Originally from St. Louis, Trice grew up on the “North side” in a neighborhood that could be described as one of the roughest in the country.
It was not uncommon for him to not only hear about, but also bear witness to some pretty heinous actions.
“I grew up where people got killed and stuff like that,” Trice said as he tried to explain the realism of his neighborhood. “I grew up in a rough part of St. Louis. You could get beat up or jumped and people would get shot all of the time. It was just normal. You hate to say it like that, but I grew up where it was normal.”
“My mother (Charissie Evans) tried to keep me away from that stuff, but I was always one of those kids that was outside. The older guys in the neighborhood were trying to help, but they were not trying to show me the good stuff, they were trying to show me the ropes of the streets. I grew up around the drugs and all of that, but I chose to not get influenced by it.”
In the eighth grade Trice moved to Mesquite, Texas where he got a fresh start at Agnew Middle School. It did not take long for Mesquite’s high school football coach at the time, Steve Halpin, to notice his physical abilities, but his future on the gridiron was not as certain as his talent.
“He moved here with his mom and baby brother from St. Louis,” Coach Halpin reminisced. “I noticed how special he was going to be early on, but I knew that it was going to be a struggle. He was honestly a high maintenance kid.”
Trice echoed Coach Halpin’s comments about his early days in the “Lone Star State”.
“Coach Halpin has really stayed with me, because I was really messing up when I first moved to Mesquite,” Trice admitted. “I had a real bad attitude, but he stuck with me and talked to me. He disciplined me. I was punished a lot, but he was there for me through thick and thin.”
After two years in Mesquite his mother made the decision that she was heading back to Missouri so that she could be close to her ailing mother.
“My mother was moving back to St. Louis to be with my grandmother who was passing away,” Trice relayed. “She wanted to be with her in her last days.”
Trice had to face the bitter reality that he may have to move back to the neighborhood, but a special set of circumstances surfaced when Edward and Tina Taylor, whose sons (Darnell and Darius) played alongside Trice for the Skeeters, decided to sit down and talk to Marcus and his mother about adopting him.
That way he could stay in a more positive environment and continue his prep career at Mesquite, but the choice was not easy for anyone involved.
“I talked to all three kids before bringing him over and I asked them if they would take less to bring Marcus in, and all three of them, even my young daughter, were willing to take less to have him,” Edward Taylor, Trice’s adoptive father explained.
“I think that really helped Marcus a lot character wise right off of the bat, once he saw that people were willing to sacrifice for him.”
“Growing up my momma always taught me to take care of myself first, because if you are not taking care of yourself then how are you going to take care of other people one day,” Trice said of the decision making process that led him to stay in Mesquite with the Taylor’s. “She always taught me to be a man and make the tough decisions that will benefit you and your family. Me making that decision really benefited me and my family.”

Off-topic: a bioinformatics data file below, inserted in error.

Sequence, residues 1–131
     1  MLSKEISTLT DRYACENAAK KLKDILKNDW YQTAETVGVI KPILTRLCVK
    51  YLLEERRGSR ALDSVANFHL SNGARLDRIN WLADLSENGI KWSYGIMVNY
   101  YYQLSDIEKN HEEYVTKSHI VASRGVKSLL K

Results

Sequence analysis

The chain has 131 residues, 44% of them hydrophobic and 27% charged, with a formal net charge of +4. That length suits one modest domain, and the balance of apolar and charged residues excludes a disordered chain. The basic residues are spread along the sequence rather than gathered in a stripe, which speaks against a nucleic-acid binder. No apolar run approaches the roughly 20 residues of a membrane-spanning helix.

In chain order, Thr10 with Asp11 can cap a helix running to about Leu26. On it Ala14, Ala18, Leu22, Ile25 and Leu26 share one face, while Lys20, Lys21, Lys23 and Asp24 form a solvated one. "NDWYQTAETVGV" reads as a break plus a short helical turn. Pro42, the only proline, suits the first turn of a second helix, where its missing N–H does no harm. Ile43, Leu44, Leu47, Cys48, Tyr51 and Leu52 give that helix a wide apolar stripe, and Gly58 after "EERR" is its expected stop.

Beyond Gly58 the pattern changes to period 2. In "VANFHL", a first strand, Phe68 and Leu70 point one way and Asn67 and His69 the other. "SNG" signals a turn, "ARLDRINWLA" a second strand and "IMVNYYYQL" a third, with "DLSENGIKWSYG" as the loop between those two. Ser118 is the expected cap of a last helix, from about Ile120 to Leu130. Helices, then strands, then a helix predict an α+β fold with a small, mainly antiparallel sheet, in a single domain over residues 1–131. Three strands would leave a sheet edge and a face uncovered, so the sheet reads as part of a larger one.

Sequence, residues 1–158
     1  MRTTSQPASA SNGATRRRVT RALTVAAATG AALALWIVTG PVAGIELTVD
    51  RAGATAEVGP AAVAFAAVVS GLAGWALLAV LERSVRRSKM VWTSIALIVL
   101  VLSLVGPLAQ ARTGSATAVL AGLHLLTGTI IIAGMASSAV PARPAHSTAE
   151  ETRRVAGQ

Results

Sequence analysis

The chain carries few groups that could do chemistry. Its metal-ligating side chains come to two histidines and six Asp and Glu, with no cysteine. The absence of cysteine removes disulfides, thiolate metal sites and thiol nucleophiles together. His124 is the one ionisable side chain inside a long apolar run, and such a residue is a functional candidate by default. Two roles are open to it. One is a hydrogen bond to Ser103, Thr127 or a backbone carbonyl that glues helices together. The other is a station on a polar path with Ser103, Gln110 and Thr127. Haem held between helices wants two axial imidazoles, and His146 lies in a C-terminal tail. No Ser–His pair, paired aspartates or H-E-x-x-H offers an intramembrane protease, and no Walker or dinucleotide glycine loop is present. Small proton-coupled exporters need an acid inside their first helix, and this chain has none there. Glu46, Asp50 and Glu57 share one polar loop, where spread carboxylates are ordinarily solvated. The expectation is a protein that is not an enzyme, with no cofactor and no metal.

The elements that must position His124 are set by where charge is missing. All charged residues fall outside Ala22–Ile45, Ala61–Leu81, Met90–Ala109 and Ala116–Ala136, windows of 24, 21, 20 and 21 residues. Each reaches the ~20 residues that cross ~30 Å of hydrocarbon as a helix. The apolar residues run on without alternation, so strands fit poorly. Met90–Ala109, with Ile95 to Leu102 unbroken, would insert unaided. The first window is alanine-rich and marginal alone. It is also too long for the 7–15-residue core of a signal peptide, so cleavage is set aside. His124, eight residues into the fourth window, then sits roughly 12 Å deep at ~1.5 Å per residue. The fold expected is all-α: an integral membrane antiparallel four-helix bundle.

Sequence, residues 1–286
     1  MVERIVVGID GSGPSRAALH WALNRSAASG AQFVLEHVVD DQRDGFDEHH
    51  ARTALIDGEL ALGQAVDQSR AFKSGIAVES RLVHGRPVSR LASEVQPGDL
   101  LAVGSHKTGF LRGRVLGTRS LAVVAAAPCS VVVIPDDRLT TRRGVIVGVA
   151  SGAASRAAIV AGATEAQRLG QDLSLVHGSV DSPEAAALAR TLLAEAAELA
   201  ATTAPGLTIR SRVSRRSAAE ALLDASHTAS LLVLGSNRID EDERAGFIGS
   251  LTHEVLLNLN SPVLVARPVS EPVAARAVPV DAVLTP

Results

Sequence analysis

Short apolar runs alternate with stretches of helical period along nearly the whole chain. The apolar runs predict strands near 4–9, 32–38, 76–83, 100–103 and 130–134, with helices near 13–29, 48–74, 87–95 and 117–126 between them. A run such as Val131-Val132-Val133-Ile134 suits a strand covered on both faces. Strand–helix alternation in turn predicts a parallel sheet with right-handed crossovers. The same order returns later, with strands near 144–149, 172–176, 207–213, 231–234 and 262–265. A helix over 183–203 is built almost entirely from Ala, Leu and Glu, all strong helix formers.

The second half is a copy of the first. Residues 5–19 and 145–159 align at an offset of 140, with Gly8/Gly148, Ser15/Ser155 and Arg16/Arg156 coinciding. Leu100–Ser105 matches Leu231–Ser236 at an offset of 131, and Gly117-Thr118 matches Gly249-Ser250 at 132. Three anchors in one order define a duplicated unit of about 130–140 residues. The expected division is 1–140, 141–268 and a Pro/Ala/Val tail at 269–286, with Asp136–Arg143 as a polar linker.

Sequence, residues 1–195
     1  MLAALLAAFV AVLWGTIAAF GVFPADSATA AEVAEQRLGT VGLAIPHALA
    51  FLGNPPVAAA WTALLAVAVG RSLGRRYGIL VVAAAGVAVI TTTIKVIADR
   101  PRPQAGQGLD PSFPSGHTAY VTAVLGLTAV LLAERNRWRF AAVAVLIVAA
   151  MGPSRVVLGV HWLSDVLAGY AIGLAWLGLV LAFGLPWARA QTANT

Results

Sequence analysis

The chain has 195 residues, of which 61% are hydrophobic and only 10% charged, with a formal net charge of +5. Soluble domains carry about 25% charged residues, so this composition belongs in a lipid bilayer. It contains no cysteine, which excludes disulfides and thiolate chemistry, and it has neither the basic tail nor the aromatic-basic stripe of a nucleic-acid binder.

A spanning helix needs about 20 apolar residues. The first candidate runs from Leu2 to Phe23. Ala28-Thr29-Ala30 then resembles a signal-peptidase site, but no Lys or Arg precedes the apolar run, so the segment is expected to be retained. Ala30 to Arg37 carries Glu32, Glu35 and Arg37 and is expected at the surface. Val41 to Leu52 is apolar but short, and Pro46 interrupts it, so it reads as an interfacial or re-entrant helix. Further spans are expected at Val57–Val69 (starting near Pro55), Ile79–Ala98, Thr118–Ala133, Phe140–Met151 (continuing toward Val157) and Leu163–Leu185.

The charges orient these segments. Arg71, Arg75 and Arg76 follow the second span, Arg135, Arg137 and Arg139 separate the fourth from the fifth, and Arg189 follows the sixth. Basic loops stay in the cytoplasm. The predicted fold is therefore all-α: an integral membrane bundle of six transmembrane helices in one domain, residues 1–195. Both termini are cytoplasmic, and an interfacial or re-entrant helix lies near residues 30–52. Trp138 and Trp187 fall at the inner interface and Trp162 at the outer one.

“I felt that if I would have went back to St. Louis I would have been back in that environment. Successful people just do not come out of those environments. You have to come through hell and high water to be able to come out of there and be a special person. I felt like it would have been easier for me to stay away from the bad stuff and keep a positive mindset and surround myself with the people that have been behind me.”
“I feel like it was the right decision, because I have a full ride to play college football, and that has always been my dream,” Trice continued. “I am blessed. I get my education paid for free. I probably would not have been playing football or sports for the school I went to in St. Louis. I would have been busy trying to survive.”
“I was growing up to fast there, and I feel like by staying here I was able to be a kid and live a kids life. It was overwhelming for me to make the decision to stay, but I have never regretted it. It was the best decision for me and my family, because now I will be able to support my family as a man, and a well educated man at that.”
Trice still had a lot of growing up to do off of the field before he actually put himself in a situation to become a highly recruited football star.
Mr. and Mrs. Taylor made sure that they laid down a certain set of standards that they expected Trice to live his life by in their household.
“I have rules at the house,” Taylor stated. “He grew up with out a father and I told him you might find it to be a little different with a man in the house. He was going to have to understand that there were going to be rules and regulations, and he agreed to bide by it, but I knew it was not going to go over quite as easy as he expected.”